# Calculating Force with Mass and Acceleration

1. Oct 6, 2012

### socialfox

1. The problem statement, all variables and given/known data
Mass= 36.1 (Grams)
Acceleration = 1.36 M/S(sqaured)
Net Force in Milinewtons =

2. Relevant equations
Fnet= MA

3. The attempt at a solution
Fnet= 0.0361 x 1.36
= 0.049096 Newtons
0.049096 x 1000= 49.096 Milinewtons

Can anyone verify this for me please?

Last edited: Oct 6, 2012
2. Oct 6, 2012

### TSny

Hi, socialfox.

Your work look's good. (Picky: If the problem is stated with 3 significant figures for each quantity, then generally you would round your answer to three significant figures: 49.1 mN.

Also, "milli" has two l's.

3. Oct 6, 2012

### socialfox

Thank you for replying, I had another question with that information I was supposed to calculate the force of resistance with this equation:

9.8(Mass)(Sin*angle*) - (m)(a)
so I had filled it in with these numbers below (the angle is 10.4 degrees)

9.8(36.1)(sin10.4) - 49.096 = 14.768 MilliNewtons
I understand this answer seems normal but for another question with simmilar numbers except for the degrees which is now 11.24 degrees I get this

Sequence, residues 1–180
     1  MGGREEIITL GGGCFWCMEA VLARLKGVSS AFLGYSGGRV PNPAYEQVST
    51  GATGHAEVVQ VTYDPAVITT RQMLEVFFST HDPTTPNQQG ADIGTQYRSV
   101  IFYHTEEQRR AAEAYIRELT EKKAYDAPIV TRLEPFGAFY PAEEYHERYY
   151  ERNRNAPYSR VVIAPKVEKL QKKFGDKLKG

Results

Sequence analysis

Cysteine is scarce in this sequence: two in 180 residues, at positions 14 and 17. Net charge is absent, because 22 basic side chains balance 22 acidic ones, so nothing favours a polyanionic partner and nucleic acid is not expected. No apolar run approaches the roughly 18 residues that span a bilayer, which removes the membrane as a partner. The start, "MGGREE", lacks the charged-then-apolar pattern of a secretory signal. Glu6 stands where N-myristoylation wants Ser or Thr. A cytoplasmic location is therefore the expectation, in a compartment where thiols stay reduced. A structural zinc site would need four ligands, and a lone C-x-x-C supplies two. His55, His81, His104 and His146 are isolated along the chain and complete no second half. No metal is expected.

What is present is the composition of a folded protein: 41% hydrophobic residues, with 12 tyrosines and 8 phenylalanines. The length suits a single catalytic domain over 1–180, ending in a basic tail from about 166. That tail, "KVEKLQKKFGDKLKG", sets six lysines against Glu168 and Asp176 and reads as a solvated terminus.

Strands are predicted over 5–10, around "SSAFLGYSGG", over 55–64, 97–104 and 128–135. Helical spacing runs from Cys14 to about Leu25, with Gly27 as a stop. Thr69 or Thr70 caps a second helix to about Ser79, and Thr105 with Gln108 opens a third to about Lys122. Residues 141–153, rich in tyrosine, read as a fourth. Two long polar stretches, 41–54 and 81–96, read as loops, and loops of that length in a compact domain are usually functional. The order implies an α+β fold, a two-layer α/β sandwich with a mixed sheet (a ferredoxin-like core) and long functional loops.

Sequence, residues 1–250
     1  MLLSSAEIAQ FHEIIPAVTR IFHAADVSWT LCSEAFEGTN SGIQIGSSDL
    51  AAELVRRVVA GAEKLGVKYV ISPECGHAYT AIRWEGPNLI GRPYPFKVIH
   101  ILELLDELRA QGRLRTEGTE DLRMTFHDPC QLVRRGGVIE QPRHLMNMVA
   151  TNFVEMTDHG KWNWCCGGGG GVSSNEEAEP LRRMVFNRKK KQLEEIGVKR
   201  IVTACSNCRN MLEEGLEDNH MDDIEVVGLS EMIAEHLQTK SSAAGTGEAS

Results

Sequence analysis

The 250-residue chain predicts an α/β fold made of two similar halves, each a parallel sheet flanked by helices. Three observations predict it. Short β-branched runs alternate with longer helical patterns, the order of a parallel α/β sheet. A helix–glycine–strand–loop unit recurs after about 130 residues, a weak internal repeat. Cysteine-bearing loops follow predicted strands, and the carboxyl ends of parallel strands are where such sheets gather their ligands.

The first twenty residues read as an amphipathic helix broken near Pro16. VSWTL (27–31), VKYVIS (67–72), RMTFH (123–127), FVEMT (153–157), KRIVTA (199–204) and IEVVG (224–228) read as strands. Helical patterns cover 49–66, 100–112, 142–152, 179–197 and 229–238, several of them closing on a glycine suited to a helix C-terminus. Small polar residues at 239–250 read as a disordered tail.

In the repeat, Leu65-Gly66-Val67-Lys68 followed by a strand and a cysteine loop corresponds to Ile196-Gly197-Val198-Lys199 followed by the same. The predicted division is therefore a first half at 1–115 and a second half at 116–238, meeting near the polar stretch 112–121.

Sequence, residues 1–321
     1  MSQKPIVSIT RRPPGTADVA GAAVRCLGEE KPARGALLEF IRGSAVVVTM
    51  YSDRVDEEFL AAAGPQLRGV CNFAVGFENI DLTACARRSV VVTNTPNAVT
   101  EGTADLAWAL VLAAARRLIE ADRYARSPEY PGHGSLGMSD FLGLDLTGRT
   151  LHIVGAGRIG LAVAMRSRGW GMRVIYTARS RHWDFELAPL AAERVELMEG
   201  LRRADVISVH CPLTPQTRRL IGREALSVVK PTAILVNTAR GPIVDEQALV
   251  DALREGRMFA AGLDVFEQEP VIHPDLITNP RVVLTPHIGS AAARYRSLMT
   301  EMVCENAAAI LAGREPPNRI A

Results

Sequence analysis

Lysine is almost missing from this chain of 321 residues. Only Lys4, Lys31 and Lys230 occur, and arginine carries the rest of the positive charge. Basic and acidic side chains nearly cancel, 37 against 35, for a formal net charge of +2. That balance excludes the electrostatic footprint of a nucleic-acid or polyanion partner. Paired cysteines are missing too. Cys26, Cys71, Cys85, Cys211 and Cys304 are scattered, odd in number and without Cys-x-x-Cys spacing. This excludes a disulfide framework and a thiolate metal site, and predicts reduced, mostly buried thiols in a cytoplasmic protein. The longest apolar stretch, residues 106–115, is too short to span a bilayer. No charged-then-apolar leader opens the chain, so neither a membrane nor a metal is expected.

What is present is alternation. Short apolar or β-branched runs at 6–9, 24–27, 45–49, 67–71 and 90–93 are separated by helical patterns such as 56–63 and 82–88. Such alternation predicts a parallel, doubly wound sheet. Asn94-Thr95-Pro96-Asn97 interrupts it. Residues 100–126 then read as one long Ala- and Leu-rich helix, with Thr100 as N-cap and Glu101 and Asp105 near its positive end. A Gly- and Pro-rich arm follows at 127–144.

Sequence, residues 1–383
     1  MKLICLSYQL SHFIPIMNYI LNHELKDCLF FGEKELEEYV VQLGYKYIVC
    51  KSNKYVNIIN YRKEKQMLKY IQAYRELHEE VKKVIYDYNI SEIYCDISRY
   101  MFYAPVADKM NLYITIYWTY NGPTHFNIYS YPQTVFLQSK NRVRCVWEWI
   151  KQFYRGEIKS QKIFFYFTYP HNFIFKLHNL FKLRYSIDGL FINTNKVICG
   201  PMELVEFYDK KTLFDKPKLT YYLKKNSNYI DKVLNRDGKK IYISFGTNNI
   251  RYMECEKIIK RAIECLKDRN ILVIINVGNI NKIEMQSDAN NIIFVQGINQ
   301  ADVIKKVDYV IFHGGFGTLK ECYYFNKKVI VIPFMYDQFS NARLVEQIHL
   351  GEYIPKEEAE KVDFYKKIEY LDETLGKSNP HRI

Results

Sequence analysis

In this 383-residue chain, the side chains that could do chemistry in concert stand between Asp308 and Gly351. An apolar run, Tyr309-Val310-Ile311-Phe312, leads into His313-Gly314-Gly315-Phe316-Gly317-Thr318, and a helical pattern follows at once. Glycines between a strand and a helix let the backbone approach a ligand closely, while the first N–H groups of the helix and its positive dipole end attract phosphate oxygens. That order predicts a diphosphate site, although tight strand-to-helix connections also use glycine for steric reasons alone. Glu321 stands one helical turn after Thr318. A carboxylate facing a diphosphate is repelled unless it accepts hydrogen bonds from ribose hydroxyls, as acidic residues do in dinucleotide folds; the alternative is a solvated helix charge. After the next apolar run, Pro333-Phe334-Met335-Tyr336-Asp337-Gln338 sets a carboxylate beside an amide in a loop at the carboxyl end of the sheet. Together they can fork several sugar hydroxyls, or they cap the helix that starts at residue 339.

9.8(36.1)(sin11.24) - 68.951 = 0.000749325 MilliNewtons

My problem/doubt is why is my second answer so different, also is the force of resistance correct for these questions?

Thanks for taking the time to look over this, I appreciate it :)

4. Oct 6, 2012

### TSny

Your calculations look correct. However, I think it would be more consistent if you plug in SI units (.0361 kg) for the mass and then convert Newtons to milliNewtons. But' you'll get the same result.

The results seem so different because in the last case you happen to be subtracting two terms that have almost the same value.

It's hard for me to say if your "force of resistance is correct" since I don't know the set-up of the problem. Maybe you could explain how you arrived at the expression mgsinθ - ma.